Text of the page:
```[###############                         ] | 38% Completed |  0.8s
```
```[#################                       ] | 44% Completed |  0.9s
```
```[###################                     ] | 49% Completed |  1.0s
```
```[######################                  ] | 55% Completed |  1.1s
```
```[########################                ] | 61% Completed |  1.2s
```
```[##########################              ] | 67% Completed |  1.3s
```
```[#############################           ] | 73% Completed |  1.4s
```
```[###############################         ] | 79% Completed |  1.5s
```
```[#################################       ] | 84% Completed |  1.6s
```
```[####################################    ] | 90% Completed |  1.7s
```
```[######################################  ] | 95% Completed |  1.8s
```
```[########################################] | 100% Completed |  1.9s
```
```
```
```1.0
```

### Reduction¶

All the usual `Numpy` methods work on Dask arrays.

You can also apply numpy function directly to a Dask array, and it will stay lazy.

```big_ones_reduce = (np.cos(big_ones)**2).mean(axis=0)
big_ones_reduce
```
 Array Chunk 32.00 kB 8.00 kB (4000,) (1000,) 3472 Tasks 4 Chunks float64 numpy.ndarray

Plotting also triggers computation, since we need the actual values

```from matplotlib import pyplot as plt
%matplotlib inline
plt.rcParams['figure.figsize'] = (9,8)
```
```plt.plot(big_ones_reduce)
```
```[<matplotlib.lines.Line2D at 0x7fc6381faf40>]
```

### Distributed Cluster¶

For more fancy visualization of what Dask is doing, we can use the distributed scheduler.

```from dask.distributed import Client, LocalCluster
cluster = LocalCluster()
client = Client(cluster)
client
```

### Cluster

• Workers: 2
• Cores: 2
• Memory: 7.29 GB
```big_calc.compute()
```
```1.0
```
```random_values = da.random.normal(size=(2e8,), chunks=(1e6,))
hist, bins = da.histogram(random_values, bins=100, range=[-5, 5])
```
```hist
```
 Array Chunk 800 B 800 B (100,) (100,) 668 Tasks 1 Chunks int64 numpy.ndarray
```x = 0.5 * (bins[1:] + bins[:-1])
width = np.diff(bins)
hist_c = hist.compute()
plt.bar(x, hist_c, width);
```

Important

Everything has been commented below to speed-up the `Jupyter-book` creation!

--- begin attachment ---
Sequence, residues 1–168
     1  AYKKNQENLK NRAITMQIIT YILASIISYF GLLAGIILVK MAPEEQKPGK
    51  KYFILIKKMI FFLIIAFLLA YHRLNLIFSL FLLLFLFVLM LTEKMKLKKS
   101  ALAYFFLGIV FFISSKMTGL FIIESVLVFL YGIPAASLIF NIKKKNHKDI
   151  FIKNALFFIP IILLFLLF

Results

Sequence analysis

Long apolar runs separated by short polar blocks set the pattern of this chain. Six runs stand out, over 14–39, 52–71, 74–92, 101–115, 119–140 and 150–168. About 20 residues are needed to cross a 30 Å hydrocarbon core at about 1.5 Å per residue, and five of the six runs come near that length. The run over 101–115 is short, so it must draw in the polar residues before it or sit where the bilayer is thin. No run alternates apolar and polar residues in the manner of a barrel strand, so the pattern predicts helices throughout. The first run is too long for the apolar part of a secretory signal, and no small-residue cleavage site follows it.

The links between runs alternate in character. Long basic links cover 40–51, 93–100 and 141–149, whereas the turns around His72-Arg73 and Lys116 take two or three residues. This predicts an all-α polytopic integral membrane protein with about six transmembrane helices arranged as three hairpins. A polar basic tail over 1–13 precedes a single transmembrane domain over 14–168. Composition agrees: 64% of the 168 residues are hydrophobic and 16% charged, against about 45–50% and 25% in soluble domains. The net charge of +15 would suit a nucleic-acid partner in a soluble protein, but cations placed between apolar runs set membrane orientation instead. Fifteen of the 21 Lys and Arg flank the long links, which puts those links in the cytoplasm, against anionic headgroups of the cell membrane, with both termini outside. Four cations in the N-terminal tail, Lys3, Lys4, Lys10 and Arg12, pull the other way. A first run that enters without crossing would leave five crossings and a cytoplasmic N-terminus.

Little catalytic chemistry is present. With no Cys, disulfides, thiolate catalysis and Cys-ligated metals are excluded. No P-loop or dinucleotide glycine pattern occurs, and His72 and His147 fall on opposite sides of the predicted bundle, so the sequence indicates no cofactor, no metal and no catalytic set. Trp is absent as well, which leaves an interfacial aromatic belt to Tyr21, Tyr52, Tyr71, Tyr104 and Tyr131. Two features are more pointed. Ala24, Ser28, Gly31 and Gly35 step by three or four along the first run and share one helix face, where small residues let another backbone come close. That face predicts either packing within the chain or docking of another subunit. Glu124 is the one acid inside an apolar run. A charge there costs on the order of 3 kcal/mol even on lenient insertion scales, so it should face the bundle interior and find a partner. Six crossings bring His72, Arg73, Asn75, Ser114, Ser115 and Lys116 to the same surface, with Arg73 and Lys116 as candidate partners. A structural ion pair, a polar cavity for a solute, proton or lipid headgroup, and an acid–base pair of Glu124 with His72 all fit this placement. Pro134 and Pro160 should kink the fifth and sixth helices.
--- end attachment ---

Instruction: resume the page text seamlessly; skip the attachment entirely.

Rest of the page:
`Xarray` can automatically wrap its data in Dask arrays.

This capability turns Xarray into an extremely powerful tool for Big Data Environmental science!!!

To see this in action, we will download a fairly large dataset to analyze.

This file contains 1 year of daily data from the AVISO sea-surface height satellite altimetry dataset.

```#! wget http://www.ldeo.columbia.edu/~rpa/aviso_madt_2015.tar.gz
```
```#! tar -xvzf aviso_madt_2015.tar.gz
```
```#! ls 2015 | wc -l
```

Let’s load the first file as a regular xarray dataset.

```#import xarray as xr
```
```# ds_first = xr.open_dataset('2015/dt_global_allsat_madt_h_20150101_20150914.nc')
# ds_first
```
```# ds_first.nbytes / 1e6
```

This one file is about 8 MB. So 365 of them will be nearly 3 GB. If we had downloaded all 25 years of data, it would be 73 GB. This is a good example of “medium data.”

### open_mfdataset¶

We already saw an incredibly useful function in xarray is `open_mfdataset`.

Using `open_mfdataset` we can easily open all the netcdf files into one `Dataset` object.

Tip

If you got a “Too many open files” OSError. You will have to increase your `ulimit` from the command line before launching the notebook:

\$ ulimit -S -n 4000

```# ds = xr.open_mfdataset('2015/*.nc')
# ds
```

Note that the values are not displayed, since that would trigger computation.

```# ssh = ds.adt
# ssh
```
```# ssh[0].plot()
```
```# ssh_2015_mean = ssh.mean(dim='time')
```
```# ssh_2015_mean.plot()
```
```# ssh_anom = ssh - ssh_2015_mean
# ssh_variance_lonmean = (ssh_anom**2).mean(dim=('lon', 'time'))
```
```# ssh_variance_lonmean.plot()
```
```# weight = np.cos(np.deg2rad(ds.lat))
# weight /= weight.mean()
# (ssh_anom * weight).mean(dim=('lon', 'lat')).plot()
```

## Cloud Storage¶

Since we are in the cloud, we can also skip the whole “download” step and just work with data stored directly in cloud storage.

There are a lot of different pieces that make this work:

We don’t have time to go over them all.

But here is an example from Pangeo:

```from intake import open_catalog

cat = open_catalog("https://raw.githubusercontent.com/pangeo-data/pangeo-datastore/master/intake-catalogs/ocean.yaml")
list(cat)
```
```['sea_surface_height',
'cesm_mom6_example',
'ECCOv4r3',
'SOSE',
'GODAS',
'ECCO_layers',
'altimetry',
'LLC4320',
'GFDL_CM2_6',
'CESM_POP',
'channel',
'MEOM_NEMO']
```
```# ds = cat["sea_surface_height"].to_dask()
# ds
```
```# ds.sla.data
```